Ebola is easy to demonize. It has visuals of bleeding eyes and mouths and a history of slow, grisly death.

Zika doesn’t instill the same fear because it very rarely kills adults. But the danger to unborn children is so profound that every major health organization is now calling it the world’s biggest health threat. The virus can cause microcephaly, a diminished brain size that has untold complications for newborns, and millions of possible cases have emerged during the past three months.


Like malaria it is passed from victim to victim by mosquitos. Countries with lots of mosquitos that aren’t killed off by winter temperatures (most of the world) are now entering into a potential Zika epidemic.

This is why Firdaus Kharas is moving immediately from his work combatting Ebola to an information and prevention campaign aimed at Zika. The three-part Ebola series attracted millions of online hits because it spoke to the people in the villages who fell through the communications cracks of big health organizations. The situation with Zika is any bit as perilous.


Kharas plans to re-version many of the public service announcements (PSA) from his anti-malaria Buzz and Bite series to get a new series of animated shorts into the field as soon as possible. The information will be basic but also immediate. Confronting the new “plague” fits squarely into Kharas’ prime concern about alleviating problems for the most-vulnerable people: women and children in the developing world.

“We must move quickly to get visual material to people, especially present and potential pregnant women. Let’s tell people how to protect themselves from the virus and let’s crush the advance of those dangerous mosquitoes. Now is the time to act,” he says.

Zika is transmitted by the Aedes genus of mosquito (the same as yellow fever and dengue fever as compared to the Anopheles malaria mosquito). The disease has never been studied much because symptoms are mildly flu-like with hospitalization very rare. But with a huge spike in cases since October, concern is mounting because detection is difficult and there is no known treatment. With as many as two million potential infections (as many at 1.5 million in Brazil alone), the stakes are very high, and even basic information is sparse. That’s where Kharas’ new campaign will hit the ground running.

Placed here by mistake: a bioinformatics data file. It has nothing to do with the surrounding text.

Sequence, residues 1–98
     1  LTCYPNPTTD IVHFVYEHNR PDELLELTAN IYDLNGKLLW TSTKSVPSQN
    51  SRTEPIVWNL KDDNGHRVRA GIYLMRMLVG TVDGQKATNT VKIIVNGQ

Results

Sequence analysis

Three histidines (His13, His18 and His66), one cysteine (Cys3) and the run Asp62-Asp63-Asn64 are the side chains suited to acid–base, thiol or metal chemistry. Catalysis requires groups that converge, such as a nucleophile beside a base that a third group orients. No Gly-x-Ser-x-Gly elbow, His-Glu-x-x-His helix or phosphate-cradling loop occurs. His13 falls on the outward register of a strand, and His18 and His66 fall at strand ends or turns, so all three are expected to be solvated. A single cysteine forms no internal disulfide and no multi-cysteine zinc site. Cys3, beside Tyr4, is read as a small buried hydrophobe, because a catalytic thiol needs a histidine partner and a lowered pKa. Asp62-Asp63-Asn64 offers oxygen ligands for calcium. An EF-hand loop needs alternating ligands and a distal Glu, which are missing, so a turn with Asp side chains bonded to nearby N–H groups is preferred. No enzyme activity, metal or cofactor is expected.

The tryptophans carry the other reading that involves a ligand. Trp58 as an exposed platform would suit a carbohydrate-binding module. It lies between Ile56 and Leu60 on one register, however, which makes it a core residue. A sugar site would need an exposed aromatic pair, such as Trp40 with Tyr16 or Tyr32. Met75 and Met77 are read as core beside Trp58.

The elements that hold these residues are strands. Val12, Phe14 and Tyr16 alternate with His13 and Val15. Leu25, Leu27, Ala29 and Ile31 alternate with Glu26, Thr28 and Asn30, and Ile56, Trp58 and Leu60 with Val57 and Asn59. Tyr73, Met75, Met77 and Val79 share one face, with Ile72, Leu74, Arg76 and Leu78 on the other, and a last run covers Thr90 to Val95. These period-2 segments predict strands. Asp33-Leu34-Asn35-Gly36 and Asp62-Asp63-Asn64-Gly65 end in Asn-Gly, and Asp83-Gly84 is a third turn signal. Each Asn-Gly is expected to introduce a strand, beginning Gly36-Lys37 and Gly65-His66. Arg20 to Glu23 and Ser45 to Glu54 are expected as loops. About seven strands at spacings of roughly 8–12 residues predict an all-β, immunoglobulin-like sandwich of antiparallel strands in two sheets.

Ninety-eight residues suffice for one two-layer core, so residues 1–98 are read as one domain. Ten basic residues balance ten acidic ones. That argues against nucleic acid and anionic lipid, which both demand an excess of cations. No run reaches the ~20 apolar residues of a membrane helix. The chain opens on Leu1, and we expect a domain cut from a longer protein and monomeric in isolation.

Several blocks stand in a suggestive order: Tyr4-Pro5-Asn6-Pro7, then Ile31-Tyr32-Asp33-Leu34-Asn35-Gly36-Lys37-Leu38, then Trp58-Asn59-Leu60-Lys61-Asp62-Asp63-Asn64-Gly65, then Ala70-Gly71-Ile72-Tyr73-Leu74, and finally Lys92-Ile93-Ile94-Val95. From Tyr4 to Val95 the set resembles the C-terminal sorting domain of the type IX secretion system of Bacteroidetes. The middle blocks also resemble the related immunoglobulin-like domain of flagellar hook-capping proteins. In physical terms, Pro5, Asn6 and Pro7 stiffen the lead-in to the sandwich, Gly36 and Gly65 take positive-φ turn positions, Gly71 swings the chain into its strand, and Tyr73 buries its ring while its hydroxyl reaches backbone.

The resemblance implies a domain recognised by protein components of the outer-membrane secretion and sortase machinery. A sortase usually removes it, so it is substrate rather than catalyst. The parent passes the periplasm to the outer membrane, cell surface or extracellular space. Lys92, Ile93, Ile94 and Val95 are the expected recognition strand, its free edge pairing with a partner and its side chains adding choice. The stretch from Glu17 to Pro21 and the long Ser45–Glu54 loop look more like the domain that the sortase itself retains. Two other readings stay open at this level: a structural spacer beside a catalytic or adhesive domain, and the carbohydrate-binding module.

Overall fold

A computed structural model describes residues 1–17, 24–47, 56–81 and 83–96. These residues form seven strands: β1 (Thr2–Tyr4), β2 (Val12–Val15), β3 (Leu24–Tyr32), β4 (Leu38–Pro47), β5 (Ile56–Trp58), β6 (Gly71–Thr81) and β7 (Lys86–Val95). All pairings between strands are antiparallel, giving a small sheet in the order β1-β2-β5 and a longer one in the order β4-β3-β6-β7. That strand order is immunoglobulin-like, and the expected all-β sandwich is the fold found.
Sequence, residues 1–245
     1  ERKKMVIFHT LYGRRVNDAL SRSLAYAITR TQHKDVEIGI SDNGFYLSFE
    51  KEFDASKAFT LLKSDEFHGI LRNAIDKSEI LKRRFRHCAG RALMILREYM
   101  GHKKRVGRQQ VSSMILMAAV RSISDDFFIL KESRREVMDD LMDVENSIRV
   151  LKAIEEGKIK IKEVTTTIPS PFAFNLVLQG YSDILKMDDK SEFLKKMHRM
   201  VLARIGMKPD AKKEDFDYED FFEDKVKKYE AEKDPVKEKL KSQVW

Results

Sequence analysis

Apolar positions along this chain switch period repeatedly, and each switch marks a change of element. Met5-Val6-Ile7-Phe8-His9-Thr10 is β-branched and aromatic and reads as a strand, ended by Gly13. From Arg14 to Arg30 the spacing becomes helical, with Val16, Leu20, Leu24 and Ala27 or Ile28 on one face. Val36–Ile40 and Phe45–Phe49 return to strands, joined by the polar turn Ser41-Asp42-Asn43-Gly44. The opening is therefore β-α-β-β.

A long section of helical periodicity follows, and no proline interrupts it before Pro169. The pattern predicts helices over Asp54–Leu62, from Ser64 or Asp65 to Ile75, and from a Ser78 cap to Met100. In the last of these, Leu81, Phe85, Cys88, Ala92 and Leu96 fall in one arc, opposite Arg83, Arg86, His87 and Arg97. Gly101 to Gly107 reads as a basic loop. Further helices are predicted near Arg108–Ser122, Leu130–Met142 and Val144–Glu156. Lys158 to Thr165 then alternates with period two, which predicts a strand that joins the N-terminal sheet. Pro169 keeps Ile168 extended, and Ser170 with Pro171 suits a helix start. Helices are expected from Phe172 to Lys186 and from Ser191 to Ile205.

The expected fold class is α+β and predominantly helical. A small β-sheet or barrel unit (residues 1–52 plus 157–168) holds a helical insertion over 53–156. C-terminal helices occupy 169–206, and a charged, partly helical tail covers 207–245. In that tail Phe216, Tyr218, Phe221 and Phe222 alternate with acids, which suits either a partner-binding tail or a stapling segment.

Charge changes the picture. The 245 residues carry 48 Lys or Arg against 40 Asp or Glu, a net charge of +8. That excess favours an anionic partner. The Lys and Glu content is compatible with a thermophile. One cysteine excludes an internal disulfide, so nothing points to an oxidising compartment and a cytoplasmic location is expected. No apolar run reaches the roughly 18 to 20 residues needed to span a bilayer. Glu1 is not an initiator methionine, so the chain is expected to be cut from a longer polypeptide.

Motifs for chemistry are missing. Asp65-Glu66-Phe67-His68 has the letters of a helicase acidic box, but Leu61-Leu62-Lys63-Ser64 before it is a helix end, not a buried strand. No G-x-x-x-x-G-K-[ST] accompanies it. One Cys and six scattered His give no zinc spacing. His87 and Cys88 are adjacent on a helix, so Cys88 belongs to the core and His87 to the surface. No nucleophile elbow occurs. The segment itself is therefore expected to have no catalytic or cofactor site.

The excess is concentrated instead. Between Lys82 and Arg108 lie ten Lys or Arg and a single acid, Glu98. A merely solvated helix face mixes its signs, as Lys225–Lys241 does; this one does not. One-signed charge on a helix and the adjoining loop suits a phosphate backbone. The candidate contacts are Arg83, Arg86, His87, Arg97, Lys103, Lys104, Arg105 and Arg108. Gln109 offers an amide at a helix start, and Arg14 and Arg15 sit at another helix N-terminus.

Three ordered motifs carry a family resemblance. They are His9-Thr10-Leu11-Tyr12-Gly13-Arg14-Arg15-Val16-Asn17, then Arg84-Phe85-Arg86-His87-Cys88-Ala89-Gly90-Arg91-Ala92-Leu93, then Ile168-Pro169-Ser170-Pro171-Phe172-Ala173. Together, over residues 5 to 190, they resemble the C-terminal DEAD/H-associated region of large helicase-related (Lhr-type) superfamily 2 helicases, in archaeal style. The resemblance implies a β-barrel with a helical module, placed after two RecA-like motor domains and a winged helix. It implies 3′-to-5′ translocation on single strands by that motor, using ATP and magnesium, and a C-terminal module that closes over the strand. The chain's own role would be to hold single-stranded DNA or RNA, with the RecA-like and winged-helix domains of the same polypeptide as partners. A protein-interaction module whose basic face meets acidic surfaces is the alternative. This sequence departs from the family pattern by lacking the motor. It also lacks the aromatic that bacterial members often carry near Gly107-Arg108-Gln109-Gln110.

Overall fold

Borrowing from his successful Buzz and Bite series, he plans to have the new PSAs ready for distribution in five languages (English, French, Brazilian Portuguese and two versions of Spanish) within a couple of weeks. Information about Zika will include:

– Mosquitos cause Zika.

– Zika-carrying mosquitoes bite during the day.

– It is a preventable disease.

– Anyone can become infected.

– Pregnant women are especially vulnerable.

– Zika is not transmitted by weather or spirits.

– It is not transmitted by anything you eat.

– Use a bed net to prevent mosquito bites at night.

– Remove standing water where mosquitos breed.

– Spray with insect repellant and cover up with clothes during the day.

– Use nets to protect young children.


Big health organizations like the WHO are gearing up to meet a possible landslide of Zika-related illnesses, but they are often slow getting real information and action to where it is most needed. As happened with the West African Ebola epidemic of 2014/15, slow reactions and poor communications by these bureaucracies might have caused hundreds, or thousands, of deaths that could have been avoided. This is why grass-roots campaigns like this one by Kharas are having an enormous affect and gaining widespread respect.

All Kharas’ videos are available for viewing and free downloading on his Vimeo channel. The Zika videos will be distributed to hospitals, aid agencies and non-governmental organizations in affected areas.

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